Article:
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St Cybi's Church, Church in Wales
Holyhead shown within Anglesey
|OS grid reference|
|Sovereign state||United Kingdom|
|UK Parliament||Ynys Môn|
|Welsh Assembly||Ynys Môn|
Holyhead (i// HOL-i-hed; Welsh: Caergybi [kɑːɨrˈɡəbi], "Cybi's fort") is the largest town in the county of Isle of Anglesey in Wales. It is also a community and a major Irish Sea port, serving Ireland.
Despite being the largest town in the county, with a population of 11,431 at the 2011 census, it is neither the county town nor actually on the island of Anglesey. Holyhead is located on Holy Island, which has a population of 13,659 at the 2011 census. It was originally connected to Anglesey via Four Mile Bridge, so called because the bridge was four miles (6 km) from Holyhead on the old turnpike Road. In the mid 19th century, Lord Stanley, a local philanthropist, funded the building of a larger causeway, known locally as "The Cobb", it now carries the A5 and the railway line. The A55 dual carriageway runs parallel to the Cobb on a modern causeway.
Prehistoric and Roman history
The town centre is built around St. Cybi's Church, which is built inside one of Europe's few three-walled Roman forts (the fourth boundary being the sea, which used to come up to the fort). The Romans also built a watchtower on the top of Holyhead Mountain inside Mynydd y Twr, a prehistoric hillfort. Settlements in the area date from prehistoric times, with circular huts, burial chambers and standing stones featuring in the highest concentration in Britain. The current lighthouse is on South Stack on the other side of Holyhead Mountain and is open to the public.
The Port of Holyhead has a busy ferry port. Stena Line, Northern Europe's biggest ferry company, operates from the port, as do Irish Ferries. Ferries sail to Dublin, with a limited once a day sailing to Dún Laoghaire in Ireland; this forms the principal link for surface transport from central and northern England and Wales to Ireland.
There is archaeological evidence that people have been sailing between Holyhead and Ireland for 4,000 years. Holyhead's maritime importance was at its height in the 19th century with a 1.7 mile (3 km) long sea breakwater. Holyhead Breakwater is the longest in the UK and was built to create a safe harbour for vessels caught in stormy waters on their way to Liverpool and the industrial ports of Lancashire. Holyhead's sea heritage is remembered in a maritime museum.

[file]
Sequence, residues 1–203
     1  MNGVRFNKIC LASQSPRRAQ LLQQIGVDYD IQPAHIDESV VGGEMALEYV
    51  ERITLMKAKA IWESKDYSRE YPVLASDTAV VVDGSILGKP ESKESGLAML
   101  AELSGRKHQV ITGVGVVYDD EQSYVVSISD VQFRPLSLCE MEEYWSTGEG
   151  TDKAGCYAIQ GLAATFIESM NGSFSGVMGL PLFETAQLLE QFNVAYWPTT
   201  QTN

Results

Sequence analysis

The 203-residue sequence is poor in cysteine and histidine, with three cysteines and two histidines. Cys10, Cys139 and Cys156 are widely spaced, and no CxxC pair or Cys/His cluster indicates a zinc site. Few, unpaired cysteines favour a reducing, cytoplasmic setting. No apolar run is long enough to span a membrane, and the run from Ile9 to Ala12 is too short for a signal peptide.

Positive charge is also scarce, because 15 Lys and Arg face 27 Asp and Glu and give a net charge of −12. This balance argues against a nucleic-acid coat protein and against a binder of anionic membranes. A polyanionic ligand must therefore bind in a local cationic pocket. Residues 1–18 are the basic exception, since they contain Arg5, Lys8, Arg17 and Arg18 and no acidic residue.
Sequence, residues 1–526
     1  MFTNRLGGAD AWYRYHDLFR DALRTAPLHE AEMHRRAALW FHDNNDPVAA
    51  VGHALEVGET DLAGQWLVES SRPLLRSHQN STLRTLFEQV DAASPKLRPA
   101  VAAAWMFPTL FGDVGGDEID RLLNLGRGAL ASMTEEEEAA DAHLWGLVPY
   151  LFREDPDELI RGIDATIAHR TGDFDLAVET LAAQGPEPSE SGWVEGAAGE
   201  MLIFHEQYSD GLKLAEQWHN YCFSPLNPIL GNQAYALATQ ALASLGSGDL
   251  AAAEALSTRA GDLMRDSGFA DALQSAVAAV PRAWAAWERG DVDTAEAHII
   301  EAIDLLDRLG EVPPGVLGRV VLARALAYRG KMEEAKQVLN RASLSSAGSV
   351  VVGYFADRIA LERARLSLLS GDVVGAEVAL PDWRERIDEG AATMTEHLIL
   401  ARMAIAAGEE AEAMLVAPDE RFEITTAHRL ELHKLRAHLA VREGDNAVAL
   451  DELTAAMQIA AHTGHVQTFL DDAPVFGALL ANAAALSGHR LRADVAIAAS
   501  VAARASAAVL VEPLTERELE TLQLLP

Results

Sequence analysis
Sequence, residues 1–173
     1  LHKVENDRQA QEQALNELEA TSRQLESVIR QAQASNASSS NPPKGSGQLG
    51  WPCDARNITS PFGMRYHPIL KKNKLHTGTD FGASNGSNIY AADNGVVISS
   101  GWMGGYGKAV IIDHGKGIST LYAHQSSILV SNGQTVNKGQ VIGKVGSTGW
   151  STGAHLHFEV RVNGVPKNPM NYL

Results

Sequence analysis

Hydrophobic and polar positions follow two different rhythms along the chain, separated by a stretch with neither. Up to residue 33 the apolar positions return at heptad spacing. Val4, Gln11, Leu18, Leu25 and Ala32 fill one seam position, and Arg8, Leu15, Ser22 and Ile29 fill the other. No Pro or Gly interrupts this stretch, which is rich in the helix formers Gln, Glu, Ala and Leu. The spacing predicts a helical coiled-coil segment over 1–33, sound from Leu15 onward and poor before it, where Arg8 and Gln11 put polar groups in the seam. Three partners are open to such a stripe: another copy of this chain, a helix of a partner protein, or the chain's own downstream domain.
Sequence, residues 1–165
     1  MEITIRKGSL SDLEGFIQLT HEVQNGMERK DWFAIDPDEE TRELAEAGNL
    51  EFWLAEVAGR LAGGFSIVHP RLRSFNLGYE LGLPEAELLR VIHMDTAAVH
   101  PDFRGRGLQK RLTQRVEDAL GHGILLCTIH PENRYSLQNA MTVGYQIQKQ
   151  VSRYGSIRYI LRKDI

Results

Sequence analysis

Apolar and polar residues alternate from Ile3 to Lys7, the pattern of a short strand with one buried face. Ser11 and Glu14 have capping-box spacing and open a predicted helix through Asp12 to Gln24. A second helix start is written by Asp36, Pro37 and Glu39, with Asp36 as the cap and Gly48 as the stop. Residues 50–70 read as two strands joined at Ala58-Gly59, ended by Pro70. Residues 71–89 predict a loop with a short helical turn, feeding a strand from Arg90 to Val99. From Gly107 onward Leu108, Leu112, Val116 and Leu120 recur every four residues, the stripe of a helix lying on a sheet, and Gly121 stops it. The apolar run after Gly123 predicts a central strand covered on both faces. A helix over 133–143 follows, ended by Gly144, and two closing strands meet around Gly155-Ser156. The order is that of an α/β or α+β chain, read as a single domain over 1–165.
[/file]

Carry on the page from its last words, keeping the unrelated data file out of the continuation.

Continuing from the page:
The post road built by Thomas Telford from London strengthened Holyhead's position as the port from which the Royal Mail was dispatched to and from Dublin on the Mail coach. The A5 terminates at Admiralty Arch (1822–24), which was designed by Thomas Harrison to commemorate a visit by King George IV in 1821 en route to Ireland and marks the zenith of Irish Mail coach operations.
In 2001, work was completed on the extension of the A55 North Wales Expressway from the Britannia Bridge to Holyhead, giving the town a dual carriageway connection to North Wales and the main British motorway network. The A55 forms part of Euroroute E22 and was funded in the main by money from the European Union. The Anglesey section was financed through a Private Finance Initiative scheme.
With the opening of the railway from London to Liverpool, Holyhead lost the London to Dublin Mail contract in 1839 to the Port of Liverpool. Only after the completion of the Chester and Holyhead Railway in 1850 and the building of Holyhead railway station did the Irish Mail return to Holyhead, operated from London Euston by the London and North Western Railway.
Holyhead is the terminus of the North Wales Coast Line and is currently served by Virgin Trains and Arriva Trains Wales services. Virgin Trains run direct trains to London Euston and Arriva Trains Wales operate direct trains to Chester. The rail and ferry terminals are connected (for pedestrians and cyclists) to the town centre by The Celtic Gateway bridge.
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Holyhead's main industry was aluminium-based until September 2009, with Rio Tinto Group's Anglesey Aluminium subsidiary operating a massive aluminium smelter on the outskirts of the town, including a plant that refined bauxite. A large jetty in the harbour received ships from Jamaica and Australia, and their cargoes of bauxite and aluminium ores were transported on a cable belt rope driven conveyor belt that runs underneath the town to the plant. The jetty is now used by Anglesey County Council to dock cruise ships visiting from all over the world. The jetty is wide enough for coaches to travel down to collect and deliver passengers to the town and on local tours. The plant relied for its electricity supply on the island's nuclear power station at Wylfa, near Cemaes Bay. However, Wylfa is reaching the end of its life and has permission to generate only into 2012, and the ending of a low-cost electricity supply contract in 2009 impacted on the financial viability of the smelting plant. Continuing operations involve the remelting of aluminium scrap for re-use. The site is subject to proposals by a development company called Lateral Power.